Michael Croland: Maryann Fuchs does not know why she takes her dogs to Immaculate Conception Roman Catholic Church year after year for the St. Francis Blessing of the Animals. The October 3 ceremony, which lasted less than a half-hour, drew a crowd of about 20 leashed dogs, two cats in carriers, and animal lovers from the surrounding Astoria area.
At first thought, Fuchs seemed certain that 9-year-old Pomeranian Patrick, 8-year-old Schnauzer Joseph, and 1-year-old Schnauzer Timothy do not understand what takes place at the ceremony. Fuchs said that her dogs do not behave better or become more pious after they are blessed. “No, because they’re dogs—they don’t have souls,” she said. “It’s nice, St. Francis—but they don’t know.”
She paused to reflect. She had noticed that her dogs calmed down and behaved respectfully when Fr. Liju Augustine approached them, recited a short blessing, and sprinkled holy water on them. “They know it,” said Fuchs. “Instinct.”
Fuchs’ confusion and mixed feelings were representative of many attendees in the barren parking lot behind the church. The guardian of 5-year-old Pug Pepper insisted that she became “holier” and “more angelic” upon being blessed. Twelve-year-old Dalmatian–black lab mix Spock is “still the same dog” but “gets another year each time,” according to his owner. Spock shook nervously during the ceremony and appeared to be less than enthused. The guardian of 7-year-old Lhasa Apso Buddy said that her family is Catholic and wants to “keep him in the loop.” Buddy immediately shook off the holy water that the priest sprinkled on him.
Augustine did not delve deeply into theological stances about how the blessing might affect animals. “Who is making so much noise here? Hey! … Oh, my God!” he quipped upon addressing the crowd. In seriousness but with a beaming smile, he added, “You are really enjoying the presence of the Lord taking care of these beautiful animals. May Jesus bless you abundantly and take care of all your animals.”
Many Catholic and Episcopalian churches honor the compassionate teachings of St. Francis of Assisi by blessing animals on or near October 4, a feast day in his honor. Whereas many saints are associated with specific animals, Christians revere St. Francis for his love of all animals and consider him the patron saint of animals and the environment.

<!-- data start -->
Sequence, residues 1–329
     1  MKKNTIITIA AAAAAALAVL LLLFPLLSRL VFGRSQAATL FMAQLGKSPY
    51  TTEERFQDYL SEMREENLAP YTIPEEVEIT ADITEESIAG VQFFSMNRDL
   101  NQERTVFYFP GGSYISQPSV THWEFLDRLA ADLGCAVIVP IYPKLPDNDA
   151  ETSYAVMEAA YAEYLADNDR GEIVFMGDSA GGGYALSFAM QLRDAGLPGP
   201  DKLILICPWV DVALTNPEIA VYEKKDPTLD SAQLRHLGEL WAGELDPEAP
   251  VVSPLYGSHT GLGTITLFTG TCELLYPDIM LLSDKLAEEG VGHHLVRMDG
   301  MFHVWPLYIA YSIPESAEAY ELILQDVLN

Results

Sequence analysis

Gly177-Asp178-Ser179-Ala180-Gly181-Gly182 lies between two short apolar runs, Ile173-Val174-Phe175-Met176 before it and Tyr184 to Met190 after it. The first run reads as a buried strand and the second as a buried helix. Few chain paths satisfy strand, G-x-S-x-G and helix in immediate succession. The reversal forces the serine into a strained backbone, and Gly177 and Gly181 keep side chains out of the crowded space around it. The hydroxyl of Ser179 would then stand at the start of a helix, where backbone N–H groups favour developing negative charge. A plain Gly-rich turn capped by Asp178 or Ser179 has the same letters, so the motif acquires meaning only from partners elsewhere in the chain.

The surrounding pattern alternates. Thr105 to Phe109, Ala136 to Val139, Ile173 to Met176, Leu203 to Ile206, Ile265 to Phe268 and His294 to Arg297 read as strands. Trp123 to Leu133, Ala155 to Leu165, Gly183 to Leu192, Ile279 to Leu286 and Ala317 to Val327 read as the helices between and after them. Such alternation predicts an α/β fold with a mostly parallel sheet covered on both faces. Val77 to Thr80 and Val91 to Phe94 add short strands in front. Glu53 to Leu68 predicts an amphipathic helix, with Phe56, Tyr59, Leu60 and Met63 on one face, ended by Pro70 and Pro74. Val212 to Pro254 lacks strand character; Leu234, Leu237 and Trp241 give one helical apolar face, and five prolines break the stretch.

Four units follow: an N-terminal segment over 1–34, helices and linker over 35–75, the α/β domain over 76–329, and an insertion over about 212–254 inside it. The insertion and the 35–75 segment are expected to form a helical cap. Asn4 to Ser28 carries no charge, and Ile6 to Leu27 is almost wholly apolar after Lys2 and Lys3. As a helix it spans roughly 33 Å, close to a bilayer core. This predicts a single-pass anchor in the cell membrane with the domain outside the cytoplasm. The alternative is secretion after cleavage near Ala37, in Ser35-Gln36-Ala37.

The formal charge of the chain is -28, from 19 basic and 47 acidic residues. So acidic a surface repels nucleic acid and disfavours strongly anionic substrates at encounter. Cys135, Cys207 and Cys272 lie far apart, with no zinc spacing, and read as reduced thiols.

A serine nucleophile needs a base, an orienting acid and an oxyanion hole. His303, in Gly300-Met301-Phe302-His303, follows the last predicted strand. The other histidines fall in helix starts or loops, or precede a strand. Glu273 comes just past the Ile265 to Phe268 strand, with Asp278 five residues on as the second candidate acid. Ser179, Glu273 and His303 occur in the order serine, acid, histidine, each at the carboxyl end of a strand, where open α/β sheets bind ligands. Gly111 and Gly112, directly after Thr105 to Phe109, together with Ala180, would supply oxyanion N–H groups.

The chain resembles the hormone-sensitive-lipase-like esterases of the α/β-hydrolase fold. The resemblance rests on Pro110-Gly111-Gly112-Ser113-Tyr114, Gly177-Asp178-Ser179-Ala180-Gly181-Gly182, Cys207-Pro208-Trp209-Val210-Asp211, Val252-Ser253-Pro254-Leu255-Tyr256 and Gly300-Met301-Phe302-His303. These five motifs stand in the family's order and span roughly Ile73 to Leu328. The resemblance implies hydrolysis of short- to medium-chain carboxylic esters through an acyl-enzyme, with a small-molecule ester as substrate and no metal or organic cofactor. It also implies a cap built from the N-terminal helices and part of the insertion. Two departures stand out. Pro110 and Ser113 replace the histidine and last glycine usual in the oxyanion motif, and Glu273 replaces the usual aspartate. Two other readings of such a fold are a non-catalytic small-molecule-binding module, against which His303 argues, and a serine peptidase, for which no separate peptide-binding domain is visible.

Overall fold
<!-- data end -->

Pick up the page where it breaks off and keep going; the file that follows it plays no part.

According to the 2008 book Holy Dogs and Asses: Animals in the Christian Tradition, “hundreds, if not thousands” of blessing ceremonies in at least 40 states occur each year. Author Laura Hobgood-Oster notes that the blessings “have probably taken place throughout Christian history.” She attributes their “dramatically” increasing popularity in the late 20th century to the highly publicized blessing spectacle at the Cathedral of St. John the Divine, an Episcopalian church on the Upper West Side. Dogs are the most common nonhuman attendees of blessing ceremonies, writes Hobgood-Oster.
This year marks the 800-year anniversary of the founding of the Franciscan Order within the Catholic Church. On September 27, at the “Francis Week” kickoff event at the Church of Saint Francis of Assisi in Midtown Manhattan, several friars praised St. Francis for forming the order that the church is a part of in 1209. St. Francis, of Assisi, Italy, petitioned Pope Innocent III to allow friars to live a more disciplined, ascetic life in accordance with Jesus Christ’s lifestyle and teachings. The order is now known as the Order of Friars Minor.
During the Church of Saint Francis of Assisi’s 15-minute blessing of the animals on October 3, Fr. Michael Carnevale spoke about St. Francis’ love for animals. On the church’s front steps, he sprinkled holy water on each of the roughly two dozen dogs and cats in attendance, as well as a thoroughbred horse named J.J. from the NYPD Mounted Unit. Each time Carnevale said, “May Almighty God bless you. Father, Son, and Holy Spirit.” Each animal received a medallion that read, “St. Francis of Assisi” and “Protect My Pet.”
“It helps to remind us of Francis’ great love for the environment,” Carnevale said following the ceremony. “I think the friars have always tried to push the idea that the environment is so important—and the beauty of life and the beauty of creation.”
Carnevale stressed that the blessing of the animals is but one component of Francis Week. He emphasized that the Transitus, which commemorates St. Francis’ death, and the feast in his honor should not be overlooked.
Some attendees thought the ceremony could heal their sick animals. Guy Chiapperini came from the Bronx along with Bluto, a male German shepherd wearing a pink T-shirt. Chiapperini said that Bluto, 6, suffers from kidney failure and undergoes dialysis twice a week.
“I feel good after the ceremony and that the Lord can keep them healthy and living a long, healthy life,” said Chiapperini. “I’m hoping for a miracle from the Lord. The doctors say his kidneys aren’t going to get better, but I believe. I believe that through the Lord anything is possible.”
In his own way, Bluto also looked up above, voiced a strong message to a higher authority, and hoped he would be heard. While the other animals stayed mostly quiet during the ceremony, Bluto spent several minutes barking at J.J. the police horse.
Michael Croland runs heebnvegan, a blog about Judaism and animal issues. He has won a Genesis Award from The Humane Society of the United States for his articles about animal protection.
Read Michael’s account of Jewish Blessing of the Animals ceremonies here.